In my hometown of Woburn, MA, local farmer Samuel Thompson was plowing his 87 acres when the darkness set in. Samuel chronicled the event, noting that "such a Darkness was never known (I believe) by the oldest person living. People that were out could not see anything but gross darkness, could not find the way even unto their neighbors where they were acquainted, horses could not see to travail." The darkness lasted for approximately 15 hours, dissipating during the afternoon on May 20th. As the clouds parted, confused roosters crowed to welcome the return of the sun.

Today, we know the cause of the Dark Day, but for over two centuries the origins of the event remained shrouded in mystery (pun intended). The phenomenon's culprit? Canada. In May of 1780, a massive forest fire in southern Ontario sent columns of dense smoke into the upper atmosphere. On the 19th, air currents carried those smoke columns over New England.

Further Reading:
Going Boston: The Dark Day of New England
University of Missouri: Darkness Visible
William C. Campbell et al: Woburn: Forgotten Tales and Untold Stories

If you like this post, check out Wicked Weird: The 3 Most Bizarre Ancient Structures in New England 

January 21, 2011

Getting Physical With Your Writing: Tips and Tricks For Actively Battling Writer's Block

So there you are, sitting anxiously at your computer, staring into the abyss of its illuminated screen while trying to convince your brain that it's time to write. For whatever reason, your trusty brain is on strike. All fours lobes of its cerebral cortex (frontal, temporal, occipital and parietal), its cerebellum, its stem and yes even its limbic system have unionized and decided that today, at this very moment, you shall not be doing any writing.

Writer's block can affect all kinds of writers, including novelists, screenwriters, playwrights and poets as well as technical writers, copywriters, journalists and bloggers. As a content writer, I've had my battles with writer's block and have occasionally turned to online resources for help. The majority of these resources recommend psychological solutions: brainstorm your ideas, organize your thoughts, swap out your negative thoughts with positive ones. For me, however, writer's block will typically set in after completing these mental remedies. I'll have a fully-researched, organized page; my fingers will be lined up on the keys ready to strike; my mind in a state of complete positivity. And then, nothing. When the only thing left for a writer to do is write, but the writer can't write, what does a writer do?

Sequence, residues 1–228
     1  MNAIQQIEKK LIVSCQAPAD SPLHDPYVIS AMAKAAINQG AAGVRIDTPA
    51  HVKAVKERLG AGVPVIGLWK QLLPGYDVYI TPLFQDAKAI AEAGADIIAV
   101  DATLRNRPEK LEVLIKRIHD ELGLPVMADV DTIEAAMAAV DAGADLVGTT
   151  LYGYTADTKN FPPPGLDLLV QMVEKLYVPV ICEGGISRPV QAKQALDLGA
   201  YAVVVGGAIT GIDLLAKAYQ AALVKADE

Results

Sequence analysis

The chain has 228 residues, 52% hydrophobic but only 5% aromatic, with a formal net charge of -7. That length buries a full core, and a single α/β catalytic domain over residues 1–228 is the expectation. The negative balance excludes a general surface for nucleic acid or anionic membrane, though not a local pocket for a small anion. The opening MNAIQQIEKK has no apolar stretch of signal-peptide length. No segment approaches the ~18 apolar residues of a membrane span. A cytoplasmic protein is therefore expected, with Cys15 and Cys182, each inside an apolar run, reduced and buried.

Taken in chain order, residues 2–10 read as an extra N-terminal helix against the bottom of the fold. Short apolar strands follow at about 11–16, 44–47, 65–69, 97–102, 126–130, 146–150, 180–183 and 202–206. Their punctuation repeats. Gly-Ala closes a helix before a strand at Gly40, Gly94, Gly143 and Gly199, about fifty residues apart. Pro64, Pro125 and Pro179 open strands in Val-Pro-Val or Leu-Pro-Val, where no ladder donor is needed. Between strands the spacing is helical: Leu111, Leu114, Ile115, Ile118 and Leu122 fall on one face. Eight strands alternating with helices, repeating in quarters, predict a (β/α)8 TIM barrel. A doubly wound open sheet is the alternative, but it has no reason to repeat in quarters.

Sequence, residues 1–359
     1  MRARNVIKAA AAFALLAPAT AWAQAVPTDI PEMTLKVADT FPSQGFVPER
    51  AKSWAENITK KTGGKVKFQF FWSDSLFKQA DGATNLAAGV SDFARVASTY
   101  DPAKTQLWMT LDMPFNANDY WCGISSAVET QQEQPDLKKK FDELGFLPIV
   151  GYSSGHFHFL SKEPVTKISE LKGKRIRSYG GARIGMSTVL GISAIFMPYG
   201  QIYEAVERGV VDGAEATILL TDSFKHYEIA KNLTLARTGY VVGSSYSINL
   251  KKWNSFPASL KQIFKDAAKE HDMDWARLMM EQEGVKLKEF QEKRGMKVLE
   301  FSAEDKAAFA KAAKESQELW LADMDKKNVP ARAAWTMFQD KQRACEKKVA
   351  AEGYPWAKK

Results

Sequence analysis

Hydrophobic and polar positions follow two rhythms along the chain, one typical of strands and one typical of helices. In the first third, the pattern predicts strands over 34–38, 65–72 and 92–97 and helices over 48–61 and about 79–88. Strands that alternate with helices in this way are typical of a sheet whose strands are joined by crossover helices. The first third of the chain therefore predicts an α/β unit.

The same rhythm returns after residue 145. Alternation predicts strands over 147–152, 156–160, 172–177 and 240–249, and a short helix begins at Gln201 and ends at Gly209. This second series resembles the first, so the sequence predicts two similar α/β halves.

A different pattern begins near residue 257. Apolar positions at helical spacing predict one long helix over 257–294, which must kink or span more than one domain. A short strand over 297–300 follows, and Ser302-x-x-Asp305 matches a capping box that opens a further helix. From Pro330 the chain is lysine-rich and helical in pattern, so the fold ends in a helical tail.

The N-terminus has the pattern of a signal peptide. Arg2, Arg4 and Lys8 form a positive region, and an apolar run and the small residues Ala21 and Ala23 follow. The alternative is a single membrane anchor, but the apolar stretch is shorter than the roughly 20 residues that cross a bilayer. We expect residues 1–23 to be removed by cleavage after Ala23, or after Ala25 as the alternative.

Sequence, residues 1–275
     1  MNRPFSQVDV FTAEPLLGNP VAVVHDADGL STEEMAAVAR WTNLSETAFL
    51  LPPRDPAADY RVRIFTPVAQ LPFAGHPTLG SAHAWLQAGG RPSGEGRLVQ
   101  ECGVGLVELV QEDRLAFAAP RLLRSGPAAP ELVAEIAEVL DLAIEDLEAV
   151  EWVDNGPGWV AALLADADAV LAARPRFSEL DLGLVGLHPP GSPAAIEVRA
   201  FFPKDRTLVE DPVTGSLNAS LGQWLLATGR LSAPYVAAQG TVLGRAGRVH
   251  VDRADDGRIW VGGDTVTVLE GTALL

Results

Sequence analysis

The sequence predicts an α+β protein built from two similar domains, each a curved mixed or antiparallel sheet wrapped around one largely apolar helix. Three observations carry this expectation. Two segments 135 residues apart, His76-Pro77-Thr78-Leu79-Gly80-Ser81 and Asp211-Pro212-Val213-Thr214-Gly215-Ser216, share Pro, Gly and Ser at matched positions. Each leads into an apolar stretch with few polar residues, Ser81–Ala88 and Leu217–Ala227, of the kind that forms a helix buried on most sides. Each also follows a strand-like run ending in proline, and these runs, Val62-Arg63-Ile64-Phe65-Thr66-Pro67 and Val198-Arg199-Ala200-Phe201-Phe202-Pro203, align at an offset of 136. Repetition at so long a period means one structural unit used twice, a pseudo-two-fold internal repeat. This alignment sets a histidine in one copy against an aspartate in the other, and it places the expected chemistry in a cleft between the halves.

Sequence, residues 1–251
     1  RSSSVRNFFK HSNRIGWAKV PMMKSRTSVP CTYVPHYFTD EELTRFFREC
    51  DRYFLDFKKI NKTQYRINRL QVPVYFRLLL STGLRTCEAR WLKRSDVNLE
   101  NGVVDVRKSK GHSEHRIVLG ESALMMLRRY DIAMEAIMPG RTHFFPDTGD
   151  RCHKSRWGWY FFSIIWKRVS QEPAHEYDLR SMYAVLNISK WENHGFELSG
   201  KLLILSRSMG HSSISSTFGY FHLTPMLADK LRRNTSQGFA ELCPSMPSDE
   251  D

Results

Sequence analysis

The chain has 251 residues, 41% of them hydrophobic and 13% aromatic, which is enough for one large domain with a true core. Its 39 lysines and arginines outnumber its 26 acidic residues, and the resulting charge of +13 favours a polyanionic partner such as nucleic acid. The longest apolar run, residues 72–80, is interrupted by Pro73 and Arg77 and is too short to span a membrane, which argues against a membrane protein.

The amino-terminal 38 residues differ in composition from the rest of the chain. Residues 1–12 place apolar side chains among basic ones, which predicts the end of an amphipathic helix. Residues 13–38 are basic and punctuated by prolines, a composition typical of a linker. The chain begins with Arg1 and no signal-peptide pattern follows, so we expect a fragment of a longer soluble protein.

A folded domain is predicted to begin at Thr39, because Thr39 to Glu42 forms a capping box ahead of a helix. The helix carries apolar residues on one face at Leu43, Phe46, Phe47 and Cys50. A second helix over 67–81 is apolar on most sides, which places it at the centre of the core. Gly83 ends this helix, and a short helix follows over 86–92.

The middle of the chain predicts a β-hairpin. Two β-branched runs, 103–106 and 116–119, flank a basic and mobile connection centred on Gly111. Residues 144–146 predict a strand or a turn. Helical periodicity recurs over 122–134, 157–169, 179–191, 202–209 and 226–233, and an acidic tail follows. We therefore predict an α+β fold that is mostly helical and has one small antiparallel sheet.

1. Stretch For Syllables

Your brain is hardwired to your body. In addition to coming in contact with other neurons, the neurons in your brain come in contact with skeletal muscles at a structure known as the neuromuscular junction. As a result, activating your muscles, such as through some simple stretching exercises, will activate brain receptors and help improve the connections between brain synapses.  Purdue University's Online Writing Lab (OWL) recommends tensing and releasing different muscle groups in the body for between 5 and 10 seconds at a time, starting with your feet.

2. Walk For Words

While stretching is a physical writer's block remedy that you can complete at your desk, going out for a walk will provide your brain with a bigger boost. Walking increases breathing and heart rate, which forces more energy-enhancing, oxygenated blood up to those thirsty brain cells. In addition, walking can help you pump-up your brain muscles, or more accurately, encourage "cerebral blood vessels to grow," as The Franklin Institute notes. So the next time your brain is idling in front of a blank page, try putting your body into gear and go for a walk around the block.

3. Be A Rover

Our early human ancestors were rovers, who spent their days scouring the Earth for sustenance. They did not sit at that same desk everyday, looking at that same ugly desk lamp and that same pointless container full of ballpoint pens that no longer write. Instead, early homo sapiens were encountering new views and vistas all the time, with their brains constantly reacting to the colors and details of their surroundings. Today, roving for writer's block can be as simple as transporting yourself and your laptop to a park bench or even to a different corner of the office/room. The point is to stimulate your brain with new surroundings when you feel writer's block setting in.

4. Cap The Caffeine